“Small Thing” Poems from School

The dog and his manCreative Commons License Cristian Iohan Ştefănescu via Compfight

We’ve begun to write “small thing” poems in class using Valerie Worth’s poems as mentors.

Thought I’d post some of the ones I wrote as mentors for the kids along with the short free-writes (I call those DISCOVERY WRITING) that I used to generate ideas for them.

Here is a link to the Google Doc that I used to help explore “small thing” poetry.

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DISCOVERY WRITING: blank paper. There is nothing quite like that feeling of a blank piece of paper, or a blank computer screen just before writing. I am scared of that, but, if the paper is like a farm field in the winter, then maybe I can plant something in that “field” when I start “ploughing” away?

blank paper

This piece of blank paper
sits on the table
like a snow covered field
waiting to be planted.

First letters grow into words,
words grow to sentences,
and sentences become stories
that give food for the heart.


*swift, cunning, smart, intent, focussed
DISCOVERY WRITING: Fox…I think of a video that I once saw of a fox hunting.

I want to catch that intensity in the poem. I wonder how I can create this intensity? I read a poem once that used very short sentences to help create a feeling of anticipation. I might try that to help me.


Fox cocks his ears
blinks his eyes
and hears
beneath the snow
a vole scurrying.

Stop. Crouch.
Lean. Leap.
Jump. Thump.

He buries his nose
and snaps.


Dog collar
DISCOVERY WRITING. Dog collar – old and stained, but I remember when I first got it. Now has been on the necks of two different dogs. Was worn by the first one when he died. The second one is very old now and I am thinking of the good times we’ve had together.

dog collar

A dog collar
woven tight,
bright blue
smelling new,

around the
dog’s neck
grows old,
picks up
the stains
of life.


telephone pole
DISCOVERY WRITING. telephone pole. Simile: a telephone pole can look so tied down like a person filled with worries and fear. Sometimes, though, the telephone pole can seem to sprint on by like someone who is on a quest. Maybe I’ll play with that idea of being stuck and then free? Personification might be the way to go…I could have the telephone pole “be” a person who is stuck and then finds freedom…?

telephone pole

you stand,
feet buried
deep in clay,
your arms
tied by thick
heavy wires.

But sometimes,
when I glance up
from my own
down the road,
I see
you sprint
past me –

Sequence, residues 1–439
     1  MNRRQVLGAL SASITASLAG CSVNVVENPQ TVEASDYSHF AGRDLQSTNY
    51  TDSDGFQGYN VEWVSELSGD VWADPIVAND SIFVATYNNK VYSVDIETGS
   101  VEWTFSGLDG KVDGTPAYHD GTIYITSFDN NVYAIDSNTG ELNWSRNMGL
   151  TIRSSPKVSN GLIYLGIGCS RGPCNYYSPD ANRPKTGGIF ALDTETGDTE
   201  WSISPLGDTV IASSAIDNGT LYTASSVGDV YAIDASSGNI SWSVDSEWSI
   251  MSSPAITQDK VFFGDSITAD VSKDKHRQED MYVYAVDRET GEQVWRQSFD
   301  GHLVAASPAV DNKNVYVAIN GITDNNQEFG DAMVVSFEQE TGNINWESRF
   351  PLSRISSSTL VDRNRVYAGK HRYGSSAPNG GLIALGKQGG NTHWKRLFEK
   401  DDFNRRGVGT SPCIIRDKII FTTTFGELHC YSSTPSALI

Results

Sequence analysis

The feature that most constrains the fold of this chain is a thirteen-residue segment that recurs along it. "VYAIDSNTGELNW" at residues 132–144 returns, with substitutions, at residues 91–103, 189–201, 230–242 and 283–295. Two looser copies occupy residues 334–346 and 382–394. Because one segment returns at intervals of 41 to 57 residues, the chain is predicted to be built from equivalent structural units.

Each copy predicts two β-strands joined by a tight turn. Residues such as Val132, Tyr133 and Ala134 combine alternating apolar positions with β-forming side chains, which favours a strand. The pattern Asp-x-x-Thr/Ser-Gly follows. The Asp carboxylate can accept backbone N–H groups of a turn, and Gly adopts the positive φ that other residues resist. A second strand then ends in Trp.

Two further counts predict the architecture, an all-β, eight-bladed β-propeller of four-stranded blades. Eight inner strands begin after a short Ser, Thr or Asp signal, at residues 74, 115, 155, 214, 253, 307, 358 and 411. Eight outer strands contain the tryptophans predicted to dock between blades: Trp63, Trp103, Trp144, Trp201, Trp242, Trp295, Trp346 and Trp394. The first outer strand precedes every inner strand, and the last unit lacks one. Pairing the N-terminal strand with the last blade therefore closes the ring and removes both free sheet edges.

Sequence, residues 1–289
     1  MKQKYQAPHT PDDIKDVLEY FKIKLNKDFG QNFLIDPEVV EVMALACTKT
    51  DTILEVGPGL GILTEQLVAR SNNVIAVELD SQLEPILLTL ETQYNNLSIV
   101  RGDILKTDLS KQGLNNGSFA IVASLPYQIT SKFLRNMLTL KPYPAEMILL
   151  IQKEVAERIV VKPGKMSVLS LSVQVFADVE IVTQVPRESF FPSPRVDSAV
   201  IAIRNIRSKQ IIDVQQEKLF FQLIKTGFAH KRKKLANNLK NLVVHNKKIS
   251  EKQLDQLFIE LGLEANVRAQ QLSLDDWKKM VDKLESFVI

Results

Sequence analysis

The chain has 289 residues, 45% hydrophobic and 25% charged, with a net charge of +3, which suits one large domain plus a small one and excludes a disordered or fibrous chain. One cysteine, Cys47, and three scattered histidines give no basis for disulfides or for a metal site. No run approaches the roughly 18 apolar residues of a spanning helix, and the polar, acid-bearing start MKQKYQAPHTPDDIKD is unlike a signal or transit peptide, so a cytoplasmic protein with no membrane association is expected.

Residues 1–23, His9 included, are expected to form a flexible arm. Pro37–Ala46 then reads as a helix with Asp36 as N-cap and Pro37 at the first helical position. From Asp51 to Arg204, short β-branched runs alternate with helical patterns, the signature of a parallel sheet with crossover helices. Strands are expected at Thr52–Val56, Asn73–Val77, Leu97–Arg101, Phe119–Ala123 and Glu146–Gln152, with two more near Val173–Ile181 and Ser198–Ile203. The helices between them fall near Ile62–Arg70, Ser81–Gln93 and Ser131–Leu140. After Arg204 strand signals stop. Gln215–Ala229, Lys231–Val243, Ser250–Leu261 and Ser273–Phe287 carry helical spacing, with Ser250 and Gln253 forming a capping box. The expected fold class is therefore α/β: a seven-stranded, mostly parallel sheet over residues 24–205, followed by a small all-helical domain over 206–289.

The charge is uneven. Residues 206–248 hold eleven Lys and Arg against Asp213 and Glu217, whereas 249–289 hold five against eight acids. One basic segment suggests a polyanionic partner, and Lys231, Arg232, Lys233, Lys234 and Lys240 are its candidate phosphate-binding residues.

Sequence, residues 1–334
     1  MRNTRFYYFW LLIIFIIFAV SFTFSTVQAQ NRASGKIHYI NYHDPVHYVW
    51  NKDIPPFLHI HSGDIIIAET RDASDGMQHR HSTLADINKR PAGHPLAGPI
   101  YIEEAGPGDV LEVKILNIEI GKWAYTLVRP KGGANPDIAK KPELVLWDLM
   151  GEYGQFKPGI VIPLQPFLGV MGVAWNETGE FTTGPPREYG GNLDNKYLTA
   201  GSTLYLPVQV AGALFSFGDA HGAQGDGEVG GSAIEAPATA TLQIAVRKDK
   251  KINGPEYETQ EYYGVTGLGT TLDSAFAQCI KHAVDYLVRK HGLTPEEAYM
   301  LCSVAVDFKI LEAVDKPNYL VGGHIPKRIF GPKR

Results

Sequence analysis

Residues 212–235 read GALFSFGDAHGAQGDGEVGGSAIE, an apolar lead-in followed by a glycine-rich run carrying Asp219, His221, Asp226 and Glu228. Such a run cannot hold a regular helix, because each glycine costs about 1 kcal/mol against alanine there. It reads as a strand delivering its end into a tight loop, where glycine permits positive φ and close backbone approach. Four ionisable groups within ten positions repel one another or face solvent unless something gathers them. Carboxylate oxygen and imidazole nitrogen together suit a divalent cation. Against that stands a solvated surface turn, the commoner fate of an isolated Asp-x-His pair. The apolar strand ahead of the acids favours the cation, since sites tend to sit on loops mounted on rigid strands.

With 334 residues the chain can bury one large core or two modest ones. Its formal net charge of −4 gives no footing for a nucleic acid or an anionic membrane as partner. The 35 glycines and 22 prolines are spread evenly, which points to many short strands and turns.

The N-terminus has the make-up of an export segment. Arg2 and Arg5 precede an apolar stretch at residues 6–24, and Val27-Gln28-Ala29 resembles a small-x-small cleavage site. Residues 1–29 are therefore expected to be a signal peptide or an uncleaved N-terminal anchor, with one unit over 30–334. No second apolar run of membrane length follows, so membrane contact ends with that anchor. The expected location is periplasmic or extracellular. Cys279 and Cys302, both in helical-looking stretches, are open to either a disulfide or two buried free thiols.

and free.

Two Haiku from Up North

Here are two haiku from my recent trip north. The woods are several weeks behind Iowa, so the trees are still green-tipped and the skimmers (dragonflies) are plentiful! White-throated sparrows sang in the balsam scrub and warblers sang among the aspens.

Fir or Pine Needles Stuart Rankin via Compfight


dark pine needles
backlit against the gray sky –
distant thunder rumbles


the fir’s youngest branches
offer dragonfly
a place to rest

To Make the Crooked Straight

For the want of a nail…Creative Commons License Jim « JP » Hansen via Compfight

The last few days I’ve been visiting the family cabin in the north woods. A small place with an outdoor privy, it was built from local tamarack and spruce logs in the late 1940s. While it isn’t fancy, it is filled with all sorts of memories of my extended family. Here’s a poem about my grandfather that tries to be about more than a can of old nails.

To Make the Crooked Straight

On a rusty metal shelf
that stood on the dirt floor
of the shed behind the house:
three rusted Arco cans
filled with bent nails
pulled from a thousand used boards,
and, also, with hope —
to save the unsavory
to make the crooked straight
once again.

– Steve Peterson

Between the Water and the Air

Dragonflies are hatching. Skimmers and darners are darting, catching mosquitoes, midges, and whatever else they can find. This poem is about that, but also about the moments that make life rich, and how easy it is to miss them. Gratitude.

Ringed Boghaunter (Williamsonia lintneri) Dragonfly - Male David Marvin via Compfight

Between the Water and the Air

Maybe a different day
would have passed unnoticed
like the rabbit, hunched and silent,
who watches you make your way
through the pasture grass.
Especially under a leaden sky
that promises all day rain,
it is easy enough to miss
the significance of things.

But there, at your foot,
pausing for a moment
between the water and the air,
a dragonfly’s transparent wings
glint wet and new;
and within them the whole
threatening sky, the leaning
grass, the dying elms that rim
the field, your peering eye,
this entire large world
are caught
in a web of veins.

– Steve Peterson


Dust StormCreative Commons License Rajiv Bhuttan via Compfight


All things are
connected, they say
even the flutter
of a butterfly’s wing can
raise a typhoon
half-way across the world.
They say the dust that
rises in the warm,
March sun was born in
the core of a distant star.
Toward the end, it burst
and scattered itself
across the galaxy and
into the house where
it collects quietly under the bed.
They say there is a
moment when the old
becomes new, when the new
becomes old again, the disconnected
reconnects. To everything
there is a season. They say ashes
to ashes, dust to dust.

– Steve Peterson